(CNSNews.com) - The only over-the-counter asthma inhaler sold in the United States soon will be banned from store shelves because of environmental concerns, and replacement medications may cost more, the U.S. Food and Drug administration acknowledged.
The FDA announced on Wednesday that Primatene Mist (epinephrine) will be discontinued by the end of the year, as part of an international agreement to phase out chlorofluorocarbons and other ozone-depleting substances.
Primatene Mist, approved by the FDA for the temporary relief of occasional symptoms of mild asthma, uses chlorofluorocarbons as a propellant.
Many manufacturers have changed their inhalers to replace CFCs with an "environmentally friendly" propellant called hydrofluoroalkane (HFA), but right now, there is no HFA version of the Primatene Mist inhaler.
“There are many other safe and effective medications to treat the symptoms of asthma,” said Dr. Badrul Chowdhury, the director of FDA’s Division of Pulmonary, Allergy, and Rheumatology Products.
The FDA is advising Primatene Mist users – including those who have never had their asthma officially diagnosed -- to see a doctor soon to get another medication.
“If you have breathing problems but have not been diagnosed by a health care professional, it’s important to see one. Not all breathing problems are asthma, so you need to get an accurate diagnosis and the proper medicine,” Chowdhury said.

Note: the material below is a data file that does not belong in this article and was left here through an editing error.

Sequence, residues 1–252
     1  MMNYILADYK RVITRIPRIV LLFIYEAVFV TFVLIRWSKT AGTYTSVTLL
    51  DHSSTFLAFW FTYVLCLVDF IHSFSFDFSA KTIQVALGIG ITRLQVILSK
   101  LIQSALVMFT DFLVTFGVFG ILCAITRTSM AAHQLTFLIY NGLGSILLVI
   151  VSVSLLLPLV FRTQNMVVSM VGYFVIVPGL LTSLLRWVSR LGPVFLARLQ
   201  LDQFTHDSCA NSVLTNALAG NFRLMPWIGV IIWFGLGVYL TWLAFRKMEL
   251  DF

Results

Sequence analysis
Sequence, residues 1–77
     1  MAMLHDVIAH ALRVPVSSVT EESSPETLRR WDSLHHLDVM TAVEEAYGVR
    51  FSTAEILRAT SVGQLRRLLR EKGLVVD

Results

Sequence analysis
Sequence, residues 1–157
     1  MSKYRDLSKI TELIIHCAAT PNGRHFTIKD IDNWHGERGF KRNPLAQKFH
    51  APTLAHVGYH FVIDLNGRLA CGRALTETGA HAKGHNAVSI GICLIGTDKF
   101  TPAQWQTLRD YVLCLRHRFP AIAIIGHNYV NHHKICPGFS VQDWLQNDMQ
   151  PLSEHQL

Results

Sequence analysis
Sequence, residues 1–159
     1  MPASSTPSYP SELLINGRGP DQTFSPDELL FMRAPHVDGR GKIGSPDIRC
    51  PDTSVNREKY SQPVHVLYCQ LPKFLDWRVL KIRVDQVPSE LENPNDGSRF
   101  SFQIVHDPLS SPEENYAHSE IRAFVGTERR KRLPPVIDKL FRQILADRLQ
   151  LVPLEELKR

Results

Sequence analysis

According to the FDA news release, "Replacement medicines for Primatene Mist may cost more."
The agency offers the following advice to people who can't afford a more expensive medication:
-- Talk to your health care professional about programs that help patients get medicines they need.
-- Contact the company that makes the drug that your health care professional prescribes. The company may have a patient-assistance program that makes medicines available to patients at low or no cost.
-- Contact the Partnership for Prescription Assistance
The FDA anticipates that Primatene Mist will be harder to find on store shelves well before its Dec. 31 discontinue date.
The international agreement that is forcing Primatene Mist off U.S. shelves is called the Montreal Protocol on Substances that Deplete the Ozone Layer.
According to the U.S. Environmental Protection Agency, the treaty is a response to scientists' observations that the earth's protective ozone layer was getting thinner.
"Today, all U.N. recognized nations have ratified the treaty and continue to phase out the production of chemicals that deplete the ozone layer while searching for ozone-friendly alternatives," the EPA says on its Web site.
The FDA’s public discussion about the use of CFCs in inhalers dates back to January 2006. Almost two years later, the FDA finalized the phase-out date for using CFCs in inhalers, and it notified the public in November 2008.